Unlike competitors, Nintendo is not planning to use generative AI in games


Due to possible intellectual property rights issues, Nintendo is cautious about using generative AI.

With the tech world riding the wave of generative AI, it’s quite rare to find a company that isn’t planning to integrate the technology in one of its core business areas.

But that’s precisely the message that Nintendo’s president, Shuntaro Furukawa, has conveyed to investors.

“In the game industry, AI-like technology has long been used to control enemy character movements, so game development and AI technology have always been closely related.

Generative AI, which has been a hot topic in recent years, can be more creative, but we also recognize that it has issues with intellectual property rights,” Furukawa said, according to Tweaktown.

“We have decades of know-how in creating optimal gaming experiences for our customers, and while we remain flexible in responding to technological developments, we hope to continue to deliver value that is unique to us and cannot be achieved through technology alone,” the president continued.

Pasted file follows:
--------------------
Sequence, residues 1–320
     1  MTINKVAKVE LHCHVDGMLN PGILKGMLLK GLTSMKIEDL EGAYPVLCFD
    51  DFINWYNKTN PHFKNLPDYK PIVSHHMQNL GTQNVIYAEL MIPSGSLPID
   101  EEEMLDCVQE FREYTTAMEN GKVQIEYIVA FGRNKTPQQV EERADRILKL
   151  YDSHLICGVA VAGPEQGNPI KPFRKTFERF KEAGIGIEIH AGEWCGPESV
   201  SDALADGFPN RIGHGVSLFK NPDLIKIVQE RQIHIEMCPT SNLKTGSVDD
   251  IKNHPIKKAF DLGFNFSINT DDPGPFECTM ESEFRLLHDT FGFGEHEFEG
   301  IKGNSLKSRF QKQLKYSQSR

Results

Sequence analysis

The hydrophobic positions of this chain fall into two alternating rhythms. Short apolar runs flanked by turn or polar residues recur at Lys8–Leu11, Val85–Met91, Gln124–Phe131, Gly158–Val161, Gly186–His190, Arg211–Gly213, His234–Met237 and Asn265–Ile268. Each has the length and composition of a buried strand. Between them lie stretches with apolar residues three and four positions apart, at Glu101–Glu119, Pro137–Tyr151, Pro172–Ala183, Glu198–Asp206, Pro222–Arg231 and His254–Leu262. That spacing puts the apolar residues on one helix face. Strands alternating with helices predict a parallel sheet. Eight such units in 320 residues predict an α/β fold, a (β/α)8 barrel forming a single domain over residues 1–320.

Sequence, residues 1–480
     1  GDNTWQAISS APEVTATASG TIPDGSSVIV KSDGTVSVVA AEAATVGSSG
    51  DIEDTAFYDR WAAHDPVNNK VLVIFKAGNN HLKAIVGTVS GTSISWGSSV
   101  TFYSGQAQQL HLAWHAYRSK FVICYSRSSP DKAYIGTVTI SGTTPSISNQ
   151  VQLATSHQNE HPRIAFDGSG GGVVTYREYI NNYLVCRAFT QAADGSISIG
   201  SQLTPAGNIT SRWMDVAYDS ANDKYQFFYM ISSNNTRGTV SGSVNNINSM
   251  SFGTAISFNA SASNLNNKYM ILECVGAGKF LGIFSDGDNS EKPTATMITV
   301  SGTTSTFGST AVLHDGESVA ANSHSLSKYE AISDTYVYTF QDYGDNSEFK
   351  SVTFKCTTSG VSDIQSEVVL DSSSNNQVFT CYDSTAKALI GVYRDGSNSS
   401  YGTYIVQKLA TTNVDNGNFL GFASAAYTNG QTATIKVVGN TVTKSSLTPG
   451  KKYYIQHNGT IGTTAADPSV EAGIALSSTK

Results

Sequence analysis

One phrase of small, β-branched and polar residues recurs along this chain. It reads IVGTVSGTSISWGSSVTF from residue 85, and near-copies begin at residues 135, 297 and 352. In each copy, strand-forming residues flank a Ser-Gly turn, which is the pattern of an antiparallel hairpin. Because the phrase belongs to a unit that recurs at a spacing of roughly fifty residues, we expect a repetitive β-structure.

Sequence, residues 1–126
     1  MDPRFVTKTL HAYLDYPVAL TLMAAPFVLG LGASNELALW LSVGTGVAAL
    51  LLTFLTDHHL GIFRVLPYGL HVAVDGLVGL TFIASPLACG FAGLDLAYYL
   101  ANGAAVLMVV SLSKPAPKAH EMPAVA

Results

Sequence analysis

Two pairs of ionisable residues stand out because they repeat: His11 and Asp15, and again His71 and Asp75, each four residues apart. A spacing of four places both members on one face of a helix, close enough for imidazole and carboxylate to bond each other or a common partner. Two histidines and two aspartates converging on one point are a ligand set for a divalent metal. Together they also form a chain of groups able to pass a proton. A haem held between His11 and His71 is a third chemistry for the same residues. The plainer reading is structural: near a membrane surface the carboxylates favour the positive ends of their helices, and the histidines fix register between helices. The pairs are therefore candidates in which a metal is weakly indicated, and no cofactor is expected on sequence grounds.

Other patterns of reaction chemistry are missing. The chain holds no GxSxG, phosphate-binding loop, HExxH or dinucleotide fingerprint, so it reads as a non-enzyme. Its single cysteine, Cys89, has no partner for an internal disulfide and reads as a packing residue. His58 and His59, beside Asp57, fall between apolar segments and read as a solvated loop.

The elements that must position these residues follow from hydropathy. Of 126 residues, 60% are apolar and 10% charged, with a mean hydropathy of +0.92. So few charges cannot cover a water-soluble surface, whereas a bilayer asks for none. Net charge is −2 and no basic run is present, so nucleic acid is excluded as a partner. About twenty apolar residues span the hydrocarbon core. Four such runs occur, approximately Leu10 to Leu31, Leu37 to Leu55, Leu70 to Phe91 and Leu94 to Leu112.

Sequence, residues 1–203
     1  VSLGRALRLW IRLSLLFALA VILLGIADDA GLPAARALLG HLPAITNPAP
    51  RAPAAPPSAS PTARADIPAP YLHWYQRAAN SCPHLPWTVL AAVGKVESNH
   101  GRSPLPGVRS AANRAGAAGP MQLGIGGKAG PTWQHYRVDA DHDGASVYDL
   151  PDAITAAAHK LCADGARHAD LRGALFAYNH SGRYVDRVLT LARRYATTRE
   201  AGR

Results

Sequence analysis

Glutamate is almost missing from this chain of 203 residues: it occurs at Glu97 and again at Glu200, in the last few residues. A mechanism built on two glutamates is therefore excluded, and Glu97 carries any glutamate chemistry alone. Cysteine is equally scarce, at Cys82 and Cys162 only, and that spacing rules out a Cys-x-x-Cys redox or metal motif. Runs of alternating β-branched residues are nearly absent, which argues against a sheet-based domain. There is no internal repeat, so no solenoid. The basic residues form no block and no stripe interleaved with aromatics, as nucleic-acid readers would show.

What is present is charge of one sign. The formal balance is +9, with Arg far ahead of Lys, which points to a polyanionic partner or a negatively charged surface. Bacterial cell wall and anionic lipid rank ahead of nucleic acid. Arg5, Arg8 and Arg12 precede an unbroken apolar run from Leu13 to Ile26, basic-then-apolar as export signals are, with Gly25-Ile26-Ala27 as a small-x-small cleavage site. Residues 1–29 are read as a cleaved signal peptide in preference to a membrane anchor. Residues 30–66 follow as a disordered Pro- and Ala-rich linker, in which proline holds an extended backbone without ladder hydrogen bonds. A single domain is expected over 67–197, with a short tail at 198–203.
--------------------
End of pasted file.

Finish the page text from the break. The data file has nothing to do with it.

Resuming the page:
This stance is different from that of other game creators like Xbox and Electronic Arts (EA), which seem eager to embrace the new technology. For example, Andrew Wilson, the CEO of EA, said in May that more than 50% of their development processes will be positively impacted by the advances in generative AI.

Generative AI has mixed reactions in the gaming industry. On one hand, it can minimize the cost of creating games and speed up the process.

However, many developers fear generative AI may also contribute to layoffs. In 2023 and 2024, thousands of people were laid off from the gaming industry.

While reasons for layoffs may vary, one of the underlying ones is the growing cost of creating games.

Before the pandemic, a typical AAA game generally had a $50 to $150 million budget. However, as technology advances and players have come to expect more cinematic experiences, the cost has reached $200 billion or more, according to data from the UK’s competition and markets authority published by Fast Company.